Book Review: Mind Storm, by K. M. Ruiz

I went into this book knowing only that it involved mutants and it was K. M. Ruiz’s debut. I don’t know if I’m unlike most readers, but I didn’t give a thought to the quotes on the cover. While I can appreciate the endorsements, I don’t want to be influenced by another’s reading experience. I want to go into any book I read with a clean slate and let the author make or break my reading experience with their characters, world, and words. And I think that’s where a lot of readers get hung up, on the X-Men meets Blade Runner comparison. You see it time and time again in the reviews. Folks complain because Mind Storm wasn’t anything like X-Men. Don’t get hung up on the quotes, folks. Give this author a chance to spin her tale. You won’t be disappointed.

Mind Storm

And now a word from the publisher:

The first in an exciting new sci-fi series that’s being described as Blade Runner meets X-Men

Two hundred and fifty years after the world was nearly wiped out by nuclear war, what’s left of society fights over the scraps of the Earth as the rich and powerful plan to ascend in secret to another planet. But the deadly new breed of humanity that the rulers have enslaved to protect their interests are about to change everything.

K.M. Ruiz’s Mind Storm is the rip-roaring tale of Threnody Corwin, a “psion” with the ability to channel electricity like lightning through anything she touches. As a solider-slave for the human government, Threnody is recruited by an unknown enemy: the scion of Earth’s most powerful (and supposedly human) family, the Serca Syndicate. But Lucas Serca is far from human and he intends to make Threnody and her fellow psions meet their destiny, no matter how many people he has to kill to do it.

Mind Storm is the first of two books chronicling the fight for survival by the psions and other “gene-trash” humans, before they’re killed by the racist world government, or left to die on a crumbling Earth.

War is hell. So is what comes after…

I thoroughly enjoyed this book. It was something different, a bit of freshness that the Sci-Fi genre needs from time to time. For that alone I applaud K. M. Ruiz. But we’d be doing her book a disservice if we only classify it as Sci-Fi. Mind Storm is something of a genre mash up, at least in my opinion it is. Take a Sci-Fi setting, fill it with the action and intrigue you’d find in a Thriller, and add to that the multiple POV system often utilized in the Fantasy genre, and you’ve got the recipe for what makes Mind Storm a memorable read.

What stands out to me most is the world in which these psions live. Set a couple hundred years in the future, they either serve the government or are branded a renegade and hunted down. Even though the psions have mutated and developed powers over various elements like fire or electricity, telekinesis or telepathy (to name a few), they don’t have much to live for. They are often taken by the government at a very early age and programmed to serve obediently, or die. Most of their lives are spent knowing a few mistakes can lead to a push of a button and their subsequent deaths. I found this to be very believable in a world where the remnants of the human race are clinging to life years after nuclear war has ravaged the planet. The psions are like the government’s dogs. They go and do what they’re told to do and are thrown away when they’re not needed anymore. Got some dirty work? Send in the psions!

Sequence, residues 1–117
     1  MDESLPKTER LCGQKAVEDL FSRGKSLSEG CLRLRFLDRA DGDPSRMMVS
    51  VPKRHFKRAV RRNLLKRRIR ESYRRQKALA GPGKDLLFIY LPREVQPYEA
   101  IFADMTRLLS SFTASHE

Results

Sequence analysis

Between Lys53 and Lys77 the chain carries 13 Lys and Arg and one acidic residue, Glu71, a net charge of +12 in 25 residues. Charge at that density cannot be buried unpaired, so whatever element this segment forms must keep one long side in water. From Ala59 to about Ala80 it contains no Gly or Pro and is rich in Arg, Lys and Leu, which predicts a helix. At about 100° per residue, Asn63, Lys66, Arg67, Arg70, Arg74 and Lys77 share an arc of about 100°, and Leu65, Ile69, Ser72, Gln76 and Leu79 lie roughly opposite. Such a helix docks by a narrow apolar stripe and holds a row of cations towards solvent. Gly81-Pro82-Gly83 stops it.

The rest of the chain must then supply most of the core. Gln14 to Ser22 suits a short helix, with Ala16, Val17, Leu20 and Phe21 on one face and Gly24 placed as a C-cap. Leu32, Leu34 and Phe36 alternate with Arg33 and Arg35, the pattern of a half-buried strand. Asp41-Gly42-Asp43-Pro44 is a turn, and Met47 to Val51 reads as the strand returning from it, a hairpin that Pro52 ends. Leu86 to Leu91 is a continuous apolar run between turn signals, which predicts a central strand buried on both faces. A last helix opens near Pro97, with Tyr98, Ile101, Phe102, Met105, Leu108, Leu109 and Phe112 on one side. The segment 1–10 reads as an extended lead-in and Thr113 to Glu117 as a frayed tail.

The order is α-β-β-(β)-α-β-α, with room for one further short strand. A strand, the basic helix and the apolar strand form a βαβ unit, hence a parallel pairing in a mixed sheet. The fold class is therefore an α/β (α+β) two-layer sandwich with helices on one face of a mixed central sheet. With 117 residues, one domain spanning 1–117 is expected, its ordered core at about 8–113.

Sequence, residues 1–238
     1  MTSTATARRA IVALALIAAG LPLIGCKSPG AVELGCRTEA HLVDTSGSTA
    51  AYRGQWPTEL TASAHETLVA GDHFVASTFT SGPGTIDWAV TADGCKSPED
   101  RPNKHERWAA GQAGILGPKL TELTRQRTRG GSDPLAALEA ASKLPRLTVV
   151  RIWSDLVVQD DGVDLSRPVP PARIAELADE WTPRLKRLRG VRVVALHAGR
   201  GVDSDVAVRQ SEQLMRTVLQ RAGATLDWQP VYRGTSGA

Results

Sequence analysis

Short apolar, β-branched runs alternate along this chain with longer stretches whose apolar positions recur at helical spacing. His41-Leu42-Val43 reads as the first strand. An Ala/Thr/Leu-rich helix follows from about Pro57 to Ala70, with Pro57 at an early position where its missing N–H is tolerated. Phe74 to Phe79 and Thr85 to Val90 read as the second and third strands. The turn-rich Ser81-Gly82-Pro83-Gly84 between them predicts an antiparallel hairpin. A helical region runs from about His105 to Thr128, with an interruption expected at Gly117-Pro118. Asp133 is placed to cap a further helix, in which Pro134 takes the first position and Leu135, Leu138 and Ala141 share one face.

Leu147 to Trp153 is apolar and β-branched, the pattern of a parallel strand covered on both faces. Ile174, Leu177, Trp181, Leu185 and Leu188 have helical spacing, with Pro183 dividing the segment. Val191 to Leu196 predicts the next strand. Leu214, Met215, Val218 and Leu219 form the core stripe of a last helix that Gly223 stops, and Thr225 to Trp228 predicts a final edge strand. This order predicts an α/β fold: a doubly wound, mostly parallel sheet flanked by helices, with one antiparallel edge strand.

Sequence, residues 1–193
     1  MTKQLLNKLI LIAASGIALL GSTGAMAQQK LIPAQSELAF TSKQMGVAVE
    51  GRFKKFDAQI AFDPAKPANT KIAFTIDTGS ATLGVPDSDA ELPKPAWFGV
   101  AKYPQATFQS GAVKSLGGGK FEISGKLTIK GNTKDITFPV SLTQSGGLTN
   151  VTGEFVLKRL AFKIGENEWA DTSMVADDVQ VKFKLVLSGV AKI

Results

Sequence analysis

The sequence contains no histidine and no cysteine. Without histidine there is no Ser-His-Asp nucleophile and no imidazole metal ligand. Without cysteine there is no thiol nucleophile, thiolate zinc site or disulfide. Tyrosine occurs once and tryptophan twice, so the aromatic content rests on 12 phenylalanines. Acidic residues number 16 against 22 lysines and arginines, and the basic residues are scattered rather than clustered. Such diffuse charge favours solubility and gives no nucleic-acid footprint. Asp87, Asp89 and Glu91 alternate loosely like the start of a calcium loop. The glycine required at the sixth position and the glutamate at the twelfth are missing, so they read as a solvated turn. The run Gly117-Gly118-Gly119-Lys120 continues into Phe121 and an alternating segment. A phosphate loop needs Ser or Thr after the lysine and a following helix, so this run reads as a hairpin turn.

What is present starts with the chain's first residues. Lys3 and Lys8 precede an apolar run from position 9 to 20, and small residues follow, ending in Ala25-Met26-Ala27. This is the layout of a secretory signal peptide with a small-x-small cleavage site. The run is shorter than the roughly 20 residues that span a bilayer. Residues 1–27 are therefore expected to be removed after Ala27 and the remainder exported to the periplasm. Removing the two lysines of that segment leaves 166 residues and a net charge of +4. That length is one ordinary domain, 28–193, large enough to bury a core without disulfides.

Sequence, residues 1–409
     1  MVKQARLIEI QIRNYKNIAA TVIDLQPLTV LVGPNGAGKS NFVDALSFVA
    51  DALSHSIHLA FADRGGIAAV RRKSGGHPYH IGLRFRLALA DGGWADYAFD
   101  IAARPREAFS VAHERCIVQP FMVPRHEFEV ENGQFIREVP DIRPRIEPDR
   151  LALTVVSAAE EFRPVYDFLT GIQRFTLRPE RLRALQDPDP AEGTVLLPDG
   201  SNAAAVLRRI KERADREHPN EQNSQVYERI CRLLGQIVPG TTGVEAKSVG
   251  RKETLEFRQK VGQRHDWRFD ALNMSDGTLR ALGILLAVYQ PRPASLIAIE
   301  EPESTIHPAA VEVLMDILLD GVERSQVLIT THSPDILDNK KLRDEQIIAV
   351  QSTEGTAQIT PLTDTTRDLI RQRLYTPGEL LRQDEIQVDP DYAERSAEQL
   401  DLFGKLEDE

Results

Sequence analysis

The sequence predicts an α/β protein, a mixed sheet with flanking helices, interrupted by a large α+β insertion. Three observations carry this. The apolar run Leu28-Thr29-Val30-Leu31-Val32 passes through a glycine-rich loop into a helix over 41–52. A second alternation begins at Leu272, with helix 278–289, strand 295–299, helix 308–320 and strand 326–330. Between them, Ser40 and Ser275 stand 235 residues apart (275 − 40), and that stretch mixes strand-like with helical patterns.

Much of this book is told through multiple POVs, which a story of this magnitude needs. It gives readers a more complete picture, and vision, of a society that is just barely hanging on. Plus we get to see each side of the equation. There really aren’t any clear cut good, or bad, guys here. Various shades of grey rule the day with these characters left to choose what they believe is the best course of action. I quite liked that. When the chips are down and everything is going to hell, each character had to look deep within themselves and find their motivation. Sometimes their motivations gelled with other characters. Sometimes they didn’t.

K. M. Ruiz has the makings of a master storyteller. Hers is a voice I want to hear more from in this, or any genre. And if she ever needs a critique partner, or someone to bounce ideas off of, I’m more than available. Just throwing that out there. 😉

I did have a few minor gripes. There were times when action sequences felt stymied by unnecessary narrative, where the author was trying to explain things instead of letting the action unfold. It took me away from what should have been meaningful action, and plot points. A few of the characters read the same way too, meaning if their names weren’t different you wouldn’t know you were reading about two different characters. Nothing major. I would have like to see a little more death too. I suppose I’ll have to wait and see if I get my wish in the sequel. Fingers crossed!

All-in-all, I applaud K. M. Ruiz’s debut. She managed to inject new life in a genre that often needs it. I would describe Mind Storm as a stylish, sophisticated, and gritty read, one you don’t want to miss. How’s that for an endorsement? I’m giving K. M. Ruiz’s, Mind Storm, four out of five stars. I will definitely buy the second book and be on the lookout for whatever she has planned next. It isn’t often you find a debut as polished and intelligent as this. Readers of all walks will find something to love with this book. Do yourself a favor and grab a copy. Then you can rave about K. M. Ruiz too!

You can learn more about K. M. Ruiz by following this link to her official website:

Follow K. M. Ruiz on twitter here:



    1. I don’t really do book reviews anymore, only the books I really enjoy and want to shout about. This one stood out for many good reasons and I wanted to share. Glad you’re interested. It’s a great read.

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